Few American literary figures have levied a more durable impact on popular culture than Edgar Allan Poe. At 40, Poe, who died in 1849 shortly after he was found in a ditch in Baltimore apparently wearing someone else’s clothes, had experienced a difficult life since his earliest years, battled alcoholism, amassed enormous debt, became a widower at a young age and found scant validating evidence that his work would endure past his life.
Neither his poems nor his single novel (The Narrative of Arthur Gordon Pym of Nantucket) sold as well as a school book about conchology that was essentially an abridgment of an existing work.
Jeffrey Meyers, who is one of the definitive biographers of the hapless author (Cooper Square Press, 2000), said of Poe’s best-selling work which reflected in most part a similar style to his other writings: “Poe’s boring, pedantic and hair-splitting Preface was absolutely guaranteed to torment and discourage even the most passionately interested schoolboy.”
Poe’s defenders often are more passionate and insistent than his detractors, as evidenced by how his poems and short stories are, for better or worse, inextricably embedded in the American cultural mind. Go to Internet Movie Database, for example. Dead for more than 165 years, Poe has, as of press time, 336 writing credits to his name for short and feature-length films – an accomplishment that few other screen writers can claim or surpass (as a comparison, the horror writer M. Night Shyamalan has 17 as a writer and has 12 industry awards to his credit). New cinematic productions that interpret Poe’s short stories are announced regularly every year.
Nine of Poe’s works, including his most well-known and frequently quoted writings, are reinterpreted, some with solidly memorable results, in Meat & Potato Theatre’s latest production con-tem-POE-rary, which continues through June 12 at the Studio Theatre in the Rose Wagner Center for Performing Arts.
Although the show could use a fair bit of pruning – with some pieces missing an ideal pace because of, frankly, too much script material – the entire cast of four actors is sharp, witty, commanding and versatile, as it moves through the anthology, which offers many cleverly imagined moments.
In the first act, The Tell-Tale Heart, which also quotes musically Bill Haley and The Comets’ classic Shake Rattle and Roll, Jeffrey Howard Ingman and Rebecca Marcotte (always a strong performer in the company’s productions) play husband and wife in a 1950s setting without any dialogue. It is outstanding dark physical comedy, as Marcotte deals with her husband’s annoying peculiarities. Equally up to the task is Josh Thoemke who plays the policeman. In all instances, Tobin Atkinson, who directs the production, adapts Poe’s work faithfully even as he modernizes the story’s characters and settings. With The Tell-Tale Heart, Atkinson also highlights the best feature of Poe’s work – without dialogue, not so ironically.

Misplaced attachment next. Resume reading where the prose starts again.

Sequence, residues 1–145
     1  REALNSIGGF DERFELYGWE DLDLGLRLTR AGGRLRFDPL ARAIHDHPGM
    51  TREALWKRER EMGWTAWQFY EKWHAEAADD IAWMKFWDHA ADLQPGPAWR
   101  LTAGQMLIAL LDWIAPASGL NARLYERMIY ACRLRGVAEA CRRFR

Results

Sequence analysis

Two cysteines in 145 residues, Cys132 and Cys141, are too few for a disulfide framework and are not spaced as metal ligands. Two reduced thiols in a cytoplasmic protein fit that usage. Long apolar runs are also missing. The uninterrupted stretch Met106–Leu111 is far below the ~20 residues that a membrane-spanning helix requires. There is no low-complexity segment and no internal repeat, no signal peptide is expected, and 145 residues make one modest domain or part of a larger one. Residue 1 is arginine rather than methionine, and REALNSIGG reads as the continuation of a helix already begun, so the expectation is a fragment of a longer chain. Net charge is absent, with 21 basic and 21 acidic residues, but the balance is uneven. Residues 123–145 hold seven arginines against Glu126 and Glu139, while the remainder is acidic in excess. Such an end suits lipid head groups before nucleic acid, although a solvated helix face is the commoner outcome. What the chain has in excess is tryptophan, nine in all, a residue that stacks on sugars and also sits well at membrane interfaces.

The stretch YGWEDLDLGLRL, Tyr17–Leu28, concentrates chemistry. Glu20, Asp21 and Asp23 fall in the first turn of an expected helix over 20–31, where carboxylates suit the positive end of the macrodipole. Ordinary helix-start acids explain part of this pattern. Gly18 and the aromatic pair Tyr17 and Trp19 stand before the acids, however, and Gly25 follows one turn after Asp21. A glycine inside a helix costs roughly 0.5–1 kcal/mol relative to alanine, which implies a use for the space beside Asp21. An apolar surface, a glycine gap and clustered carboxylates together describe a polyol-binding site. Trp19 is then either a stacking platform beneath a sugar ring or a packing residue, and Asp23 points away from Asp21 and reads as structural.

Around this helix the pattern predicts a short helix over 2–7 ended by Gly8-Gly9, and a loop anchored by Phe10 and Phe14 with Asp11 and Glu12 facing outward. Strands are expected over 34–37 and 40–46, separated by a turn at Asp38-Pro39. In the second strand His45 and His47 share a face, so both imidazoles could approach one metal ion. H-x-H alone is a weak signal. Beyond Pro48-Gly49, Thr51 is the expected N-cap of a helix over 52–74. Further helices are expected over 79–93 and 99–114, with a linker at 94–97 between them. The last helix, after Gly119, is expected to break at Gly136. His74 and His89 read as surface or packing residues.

The piece is immediately followed by Raina Larkin Thorne’s excellent performance as a mid-century torch singer rendering Annabel Lee, composed with original music by Rob Hartmann. Likewise in the second act, the quartet (Ingman, Marcotte, Thoemke and Thorne) executes with very good results Poe’s The Bells, featuring music by Hartmann and choreography by William Richardson. Hartmann’s original score throughout is one of the show’s strongest assets. He also composed the score for Aliens The Puppet Musical, a Meat & Potato Theatre’s production, which also is now available in book form, courtesy of Elkhound Press.
While the acting in both MS in a Bottle (a short story Poe wrote at the age of 24 but reimagined on a ship with advanced technological capabilities) and The Purloined Letter (recast in the tense days following the collapse of the Soviet Union) are as solid as in the production’s most effective pieces, both interpretations sag, echoing the biographer’s remarks and suggesting that Poe’s pedantic and boring style would have benefited from significant editing. Indeed, these two entries could have been excised from the show without much impact.
However, the rest of the show offers a good deal of worthwhile entertainment. The opening rendition of The Raven sets the appropriate mood immediately for The Cask of Amontillado, brought forward to the 1990s but with the same famously bittersweet taste of revenge – this time a philanthropist who is hosting a costume soiree at the Cannes Film Festival.
The second act opens with a wonderfully on-point interpretation of Poe’s satirical essay How To Write A Blackwood Article. In fact, Atkinson’s adaptation heightens the original’s satirical effect with worthy results. With Poe, the rule always should be never hesitate to broaden the guidelines for parody, satire, and naughty humor – all of which work nicely in the company’s adaptation of the Poe essay.
The production closes appropriately with an adaptation of The Pit and The Pendulum, which includes one of the company’s trademark props – a Bunraku-style doll. It also reminds how Poe’s legacy has defied the gist of the words he wrote:
What is Death? I’d thought it simply the end of life. A finality. When the body and the mind stopped their dialogue and all that remained was oblivion. I even thought these things on the day I died. But no God—old or new—no Dante, no Milton, no Sartre, no one could imagine what Death…and Hell…truly is…
For true lovers of Poe’s writing, con-tem-POE-rary is a satisfying feast. For the less enthusiastic fans, the show demonstrates quite effectively just how Poe, whether one would welcome it or not, likely will always be a throbbing tell-tale impulse of American popular culture. In a slimmer form, the show would even be stronger.
Produced by Marynell Hinton, con-tem-POE-rary includes lighting design by Megan Crivello and scenic design by Ruth Weisman.
For tickets and more information see here.